Clinton: (Laughs) Right.
Bryan: Whatever the next buggy whip's going to be here, I don't, I don't really know. We have a lot of challenges and opportunities, some of which are being mandated through regulation, legislation, things of this nature. So there's going to be a push and whatnot. Others are going to reach for it. From a technology perspective, I get real excited when I think about AI, and the art of the possible for that. Utilities... Man, we never met data that we'll ever let go of. We love data. You know, we have these meters that, you know, if the average person understood exactly how much data is inside one of those meters, it's mind-boggling what we can do with that. The problem has always been processing that in enough time, and in a cost-effective manner, to be able to do something productive with all that data. So we have a lot of data that comes off, not only of consumption, what customers are doing, okay? Their behaviors. And we have 'em mapped pretty good, but further mapping them down to time of day, day of the week, sporting events that are going, like, what happens when the Super Bowl goes? How does that drive the consumption of energy, and things of this nature? We have a lot of that, but we can refine that a lot more. When we look at the operation of the grid, the grid, the big stuff, the transmission system, when we look at that, and we have synchrophasors, which are phasor measurement units, PMUs, we call them, that actually can interrogate the grid some 60 times per second.
Bryan: Okay? And tell you things about what's going on. But that can become very overwhelming, and it can actually paralyze operators who have to make decisions, you know, when they lose a plant or they lose a transmission line. But with AI, and the ability to process faster and more so, that data, I think, is going to find a very rich place within the go forward for operating on a utility. If you think about it, Clint, the amount that we consume, the amount that we burn, all the things around us, are very, very large numbers. And you really only need to shave off a small, small, small percentage. And that's a pretty big number too, because of the scale that we're dealing with. And so, if there's technology that can bring into bear, to help save a quarter of a percent here, a half a percent there, when you monetize that, you're talking about billions. Because it's really the law of great big numbers. You know, that's going on. I think that the energy transition movement - I think as we look for other solutions to meet our energy demands, our needs, and I think we'll continue to do that - I think those opportunities are out there for utilities and other entrepreneurs. I think you're exactly right. You know, the Tesla experiment, that should have shown us a lot of, there's a lot of lessons to be learned. I live in Scottsdale, Arizona. It's not uncommon to stop at a red light, and there'll be a Tesla or two in front of you and a couple behind you, maybe one to your right or left. All at one stoplights. I mean, the proliferation here is very deep. I think that the whole renewables, be it solar, wind, other mechanisms, I think that will continue to challenge utilities. Again, if they're going to keep their priorities and their culture in place and intact, they have to find ways to integrate those assets seamlessly into things that have been in existence for 50 and 60 years. And they have to operate just so. And I think that's always going to be a challenge, at least for the next decade or two, that's going to be a challenge for us to maintain and to grow. And I think with that, utilities need to prepare. It's not going to stop. I mean, the expectations, our usage is not going to wane over time. In fact, it's going to do the exact opposite. So I think utilities and other companies have to prepare for that. And I think a big piece of that preparation is that topic we talked about a little bit ago, which is talent acquisition. We have to continue to bring... You know, I operate, in my household, personally, very differently than how I see my kids, who are in their early 20s, how they... They've grown up with a mobile device in their hand. They do everything with their phone. They don't even use the computer much. They do all their transactions and things of this nature via the phone. So those are going to be the consumers of the future. How do they want to interact with the utility company or any other company? The consumer is going to change how we have to behave our processes, because their expectations are going to be driven by the regulators. And the regulators are going to push. Again, regulators, for the most part, are either elected or appointed by somebody who's been elected from the population at large. So their priorities, their concerns are going to come in and continue to push utilities forward. Or in some direction, maybe it won't be forward, maybe it'll be sideways, I don't... But they're going to push them in some direction that the utilities need to prepare for. And I really think that talent acquisition is key to that.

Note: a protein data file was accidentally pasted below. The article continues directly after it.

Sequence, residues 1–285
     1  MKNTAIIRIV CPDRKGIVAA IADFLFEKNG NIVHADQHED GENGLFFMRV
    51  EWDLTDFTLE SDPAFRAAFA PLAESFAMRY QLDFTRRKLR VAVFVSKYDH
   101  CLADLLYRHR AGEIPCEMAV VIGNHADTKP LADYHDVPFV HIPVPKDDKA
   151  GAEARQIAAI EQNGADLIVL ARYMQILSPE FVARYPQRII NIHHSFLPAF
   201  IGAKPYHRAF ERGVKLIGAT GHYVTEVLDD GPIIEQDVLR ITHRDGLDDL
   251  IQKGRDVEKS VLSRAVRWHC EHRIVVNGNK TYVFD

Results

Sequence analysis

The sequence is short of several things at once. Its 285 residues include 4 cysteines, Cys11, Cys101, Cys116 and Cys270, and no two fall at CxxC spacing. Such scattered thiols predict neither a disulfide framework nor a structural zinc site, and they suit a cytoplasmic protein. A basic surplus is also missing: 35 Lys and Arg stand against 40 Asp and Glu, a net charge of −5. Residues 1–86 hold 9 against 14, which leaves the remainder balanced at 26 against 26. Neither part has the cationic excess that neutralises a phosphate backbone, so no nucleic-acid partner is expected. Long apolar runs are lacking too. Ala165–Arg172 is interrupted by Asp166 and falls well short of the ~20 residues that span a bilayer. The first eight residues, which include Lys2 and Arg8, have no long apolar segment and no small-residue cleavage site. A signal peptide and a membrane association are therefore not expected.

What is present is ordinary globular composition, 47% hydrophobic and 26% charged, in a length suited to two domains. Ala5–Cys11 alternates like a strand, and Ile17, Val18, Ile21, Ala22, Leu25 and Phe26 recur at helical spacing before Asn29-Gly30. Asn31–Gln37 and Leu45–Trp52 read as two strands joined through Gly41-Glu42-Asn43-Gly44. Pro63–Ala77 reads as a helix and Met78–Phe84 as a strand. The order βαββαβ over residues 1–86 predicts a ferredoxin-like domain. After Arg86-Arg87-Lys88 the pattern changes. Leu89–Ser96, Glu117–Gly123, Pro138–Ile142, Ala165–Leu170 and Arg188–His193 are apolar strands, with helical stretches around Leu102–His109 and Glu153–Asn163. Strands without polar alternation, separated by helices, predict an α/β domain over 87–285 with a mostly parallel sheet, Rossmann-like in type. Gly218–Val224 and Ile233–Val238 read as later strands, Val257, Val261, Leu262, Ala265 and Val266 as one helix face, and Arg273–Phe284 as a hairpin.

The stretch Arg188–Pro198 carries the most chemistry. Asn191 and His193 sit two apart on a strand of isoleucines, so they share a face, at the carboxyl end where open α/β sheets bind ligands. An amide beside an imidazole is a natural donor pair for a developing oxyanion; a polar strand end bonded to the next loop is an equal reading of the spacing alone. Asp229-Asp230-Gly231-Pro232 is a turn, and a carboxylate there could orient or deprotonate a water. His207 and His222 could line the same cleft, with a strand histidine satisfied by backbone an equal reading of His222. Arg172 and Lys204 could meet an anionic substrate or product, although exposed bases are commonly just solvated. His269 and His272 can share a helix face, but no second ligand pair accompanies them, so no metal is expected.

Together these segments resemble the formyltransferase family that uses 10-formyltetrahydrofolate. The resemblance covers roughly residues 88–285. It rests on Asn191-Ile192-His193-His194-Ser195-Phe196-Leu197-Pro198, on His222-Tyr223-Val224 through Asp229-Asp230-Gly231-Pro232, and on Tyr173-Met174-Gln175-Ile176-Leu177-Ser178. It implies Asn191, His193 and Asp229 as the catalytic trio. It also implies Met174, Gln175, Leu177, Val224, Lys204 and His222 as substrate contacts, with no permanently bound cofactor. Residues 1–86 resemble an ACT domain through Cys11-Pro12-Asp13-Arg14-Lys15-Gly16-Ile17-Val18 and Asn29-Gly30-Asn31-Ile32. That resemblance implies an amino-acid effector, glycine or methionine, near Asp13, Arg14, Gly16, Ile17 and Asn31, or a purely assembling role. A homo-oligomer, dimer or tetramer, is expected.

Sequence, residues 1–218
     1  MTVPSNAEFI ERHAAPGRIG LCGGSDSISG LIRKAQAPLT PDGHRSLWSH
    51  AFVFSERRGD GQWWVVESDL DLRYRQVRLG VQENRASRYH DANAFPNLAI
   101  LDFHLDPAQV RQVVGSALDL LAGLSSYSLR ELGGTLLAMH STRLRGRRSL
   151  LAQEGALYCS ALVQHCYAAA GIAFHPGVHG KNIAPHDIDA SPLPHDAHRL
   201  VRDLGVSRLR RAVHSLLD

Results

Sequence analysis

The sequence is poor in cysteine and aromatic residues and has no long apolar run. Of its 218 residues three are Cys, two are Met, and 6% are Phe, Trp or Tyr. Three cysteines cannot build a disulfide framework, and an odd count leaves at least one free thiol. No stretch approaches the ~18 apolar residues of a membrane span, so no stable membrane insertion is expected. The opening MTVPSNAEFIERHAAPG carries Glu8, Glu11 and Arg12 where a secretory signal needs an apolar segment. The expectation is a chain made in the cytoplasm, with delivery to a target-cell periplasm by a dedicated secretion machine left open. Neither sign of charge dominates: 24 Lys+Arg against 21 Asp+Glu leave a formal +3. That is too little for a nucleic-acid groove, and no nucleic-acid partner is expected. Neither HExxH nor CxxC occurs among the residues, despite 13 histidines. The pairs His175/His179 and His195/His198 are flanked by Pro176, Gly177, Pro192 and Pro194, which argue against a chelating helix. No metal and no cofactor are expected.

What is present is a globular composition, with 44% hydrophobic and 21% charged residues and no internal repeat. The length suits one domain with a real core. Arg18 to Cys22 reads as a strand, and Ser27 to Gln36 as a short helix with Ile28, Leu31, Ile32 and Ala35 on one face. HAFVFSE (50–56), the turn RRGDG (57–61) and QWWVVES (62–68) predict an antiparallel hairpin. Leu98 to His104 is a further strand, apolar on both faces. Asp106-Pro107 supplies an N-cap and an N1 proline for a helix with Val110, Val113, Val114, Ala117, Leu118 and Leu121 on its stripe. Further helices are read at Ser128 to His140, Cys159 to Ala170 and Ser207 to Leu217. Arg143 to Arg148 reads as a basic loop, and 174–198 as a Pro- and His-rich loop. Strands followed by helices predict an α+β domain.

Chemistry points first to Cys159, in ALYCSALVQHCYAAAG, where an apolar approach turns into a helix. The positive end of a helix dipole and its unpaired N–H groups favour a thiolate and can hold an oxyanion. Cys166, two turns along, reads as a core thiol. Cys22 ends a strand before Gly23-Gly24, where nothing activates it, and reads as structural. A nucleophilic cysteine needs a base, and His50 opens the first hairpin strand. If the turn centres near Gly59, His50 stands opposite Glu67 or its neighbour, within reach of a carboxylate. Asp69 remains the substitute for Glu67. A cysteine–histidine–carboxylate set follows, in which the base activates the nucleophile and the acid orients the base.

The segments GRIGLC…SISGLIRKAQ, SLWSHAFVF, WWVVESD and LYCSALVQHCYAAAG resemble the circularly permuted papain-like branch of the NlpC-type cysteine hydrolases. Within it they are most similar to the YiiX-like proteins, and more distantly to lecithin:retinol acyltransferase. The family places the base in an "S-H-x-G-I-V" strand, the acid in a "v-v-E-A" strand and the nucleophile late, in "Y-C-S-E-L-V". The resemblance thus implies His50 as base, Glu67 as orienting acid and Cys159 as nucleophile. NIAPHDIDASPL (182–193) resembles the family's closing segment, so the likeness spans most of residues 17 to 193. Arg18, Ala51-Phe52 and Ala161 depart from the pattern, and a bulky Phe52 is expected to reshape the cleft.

Clinton: Yeah. I think that's an awesome place to leave it. Bryan, I loved it. It was, for me, fascinating to get that deep into the culture of it, and then the very unique challenges that are there. And then, when there's challenges, well, what's on the other side, there's opportunities. And it's going to take some boldness, so the next hundred years are not just as successful but even more successful. And the cool part for me is that, the things that govern utility, the fact that you want to deliver efficiently and reliably and safely, that's not going to change. Those things won't change.
Clinton: But the ways in which it gets done are going to change rapidly and in really, really specific and profound ways. And at that epicenter is going to be some great talent, and new experiences driving all of that. And that, that to me is super exciting. So, Bryan, by the way, best way, folks, if they want to get in touch with you to say, hey, I've got some questions, how should they reach you? Is it best to find you on LinkedIn? What's something you'd like to share?
Bryan: They can always find me on LinkedIn under Bryan Kearney, spelled K-E-A-R-N-E-Y. Or, if they wanted to contact me directly through email, my email is very simple. These are all letters, five letters: ABKIS, that's Alpha, Bravo, Kilo, India, Sierra, at yahoo.com. I'd be happy to talk to anyone that's interested.
Clinton: That's so cool. So Bryan, thank you so much for joining us today on Catalyst. In this studio, we believe in shipping software over slideware, that fast will follow smooth, and aiming to create digital experiences that move millions is a very, very worthy pursuit. Join us next time as the pursuit continues on Catalyst the Launch by NTT Data podcast.